Ecosystem Services and Sea Level Rise

Ecosystem services are the various benefits (goods and services) that humans receive from natural systems such as estuaries, wetlands, and forests. These services are often undervalued and taken for granted. The international Millennium Ecosystem Assessment identified four categories of ecosystem services: provisioning services such as food and water; regulating services such as flood and disease control; cultural services such as spiritual and recreational benefits; and supporting services such as nutrient cycling that maintain the conditions for life on Earth.

Sea level rise is threatening ecosystem services such as flood mitigation, storm surge protection, water quality treatment, and fisheries. For example, coastal marshes and estuaries provide habitat and nurseries for many species, including those important for the ecological food chain and human consumption through fishing and shellfish harvesting. As sea level rises, if the marshes retreat without suitable areas for new marshes, fisheries and wildlife will diminish. This will impact the local economy and quality of life. The potential negative impacts of sea level rise on ecosystem services, and consequently coastal communities, makes it critical to begin planning for future changes now.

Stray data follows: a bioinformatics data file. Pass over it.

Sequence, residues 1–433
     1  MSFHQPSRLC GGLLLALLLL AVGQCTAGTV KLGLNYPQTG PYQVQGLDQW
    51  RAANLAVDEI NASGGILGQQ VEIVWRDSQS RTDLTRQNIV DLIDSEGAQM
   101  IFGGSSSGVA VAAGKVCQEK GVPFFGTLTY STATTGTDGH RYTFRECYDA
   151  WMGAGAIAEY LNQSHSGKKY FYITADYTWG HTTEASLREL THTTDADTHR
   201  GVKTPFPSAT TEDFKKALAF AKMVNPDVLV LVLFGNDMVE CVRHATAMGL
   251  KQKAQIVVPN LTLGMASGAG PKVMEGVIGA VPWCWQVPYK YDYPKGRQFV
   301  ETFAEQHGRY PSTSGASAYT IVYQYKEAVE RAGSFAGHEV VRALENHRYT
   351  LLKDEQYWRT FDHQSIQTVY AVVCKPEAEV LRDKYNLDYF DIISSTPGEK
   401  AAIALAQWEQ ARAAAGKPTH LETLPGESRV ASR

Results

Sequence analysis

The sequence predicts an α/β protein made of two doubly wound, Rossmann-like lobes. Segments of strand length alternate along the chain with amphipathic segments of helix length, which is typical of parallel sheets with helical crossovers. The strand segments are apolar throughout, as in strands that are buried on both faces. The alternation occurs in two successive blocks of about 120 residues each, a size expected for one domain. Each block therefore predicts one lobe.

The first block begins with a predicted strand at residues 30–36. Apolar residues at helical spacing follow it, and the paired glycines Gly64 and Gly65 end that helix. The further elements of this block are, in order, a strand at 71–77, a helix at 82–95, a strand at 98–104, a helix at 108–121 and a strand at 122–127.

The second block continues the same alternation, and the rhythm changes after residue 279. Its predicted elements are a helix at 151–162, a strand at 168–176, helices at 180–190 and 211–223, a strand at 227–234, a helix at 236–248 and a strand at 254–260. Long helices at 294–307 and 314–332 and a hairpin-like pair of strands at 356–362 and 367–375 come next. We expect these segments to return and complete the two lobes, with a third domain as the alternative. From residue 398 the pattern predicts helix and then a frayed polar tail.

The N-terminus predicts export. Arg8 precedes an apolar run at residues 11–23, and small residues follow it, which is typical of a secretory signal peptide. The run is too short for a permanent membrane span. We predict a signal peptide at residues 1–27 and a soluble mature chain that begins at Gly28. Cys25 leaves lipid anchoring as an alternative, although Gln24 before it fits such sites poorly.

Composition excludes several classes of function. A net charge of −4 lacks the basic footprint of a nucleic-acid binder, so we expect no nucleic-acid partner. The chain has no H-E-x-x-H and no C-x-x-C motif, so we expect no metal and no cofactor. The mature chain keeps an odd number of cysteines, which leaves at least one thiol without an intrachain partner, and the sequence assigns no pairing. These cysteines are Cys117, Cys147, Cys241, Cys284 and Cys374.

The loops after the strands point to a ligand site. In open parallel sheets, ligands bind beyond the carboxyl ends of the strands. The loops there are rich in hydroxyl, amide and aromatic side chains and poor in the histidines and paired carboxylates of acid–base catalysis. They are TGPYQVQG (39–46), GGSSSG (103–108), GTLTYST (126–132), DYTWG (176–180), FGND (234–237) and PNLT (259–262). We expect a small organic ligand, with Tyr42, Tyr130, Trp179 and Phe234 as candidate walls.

The GTM Research Reserve recognizes the importance of ecosystem services to the local people and economies, and the importance of estimating the dollar value of the services. Reserve researchers have determined that the estuaries, marshes, swamps, forests, and marine areas of the Reserve currently provide $246 million per year of ecosystem services. One avenue of new research could be to identify how this value will be affected by sea level rise under different planning scenarios.

The video below shows in more detail the ecosystem services of the GTM Research Reserve.

Fourth Steering Committee Meeting

On December 7th, 2012, the Matanzas Basin Steering Committee met for the fourth time at the GTM Research Reserve Educational Center in Ponte Vedra Beach. The committee reviewed the results from the community workshops held on the previous two days in Marineland and St. Augustine. The committee also provided input on the format for the next set of stakeholder workshops planned for late Spring 2013. These workshops will involve government officials and planners, inland developers, and natural resource-based economic interests.


GTM Research Reserve Environmental Education Center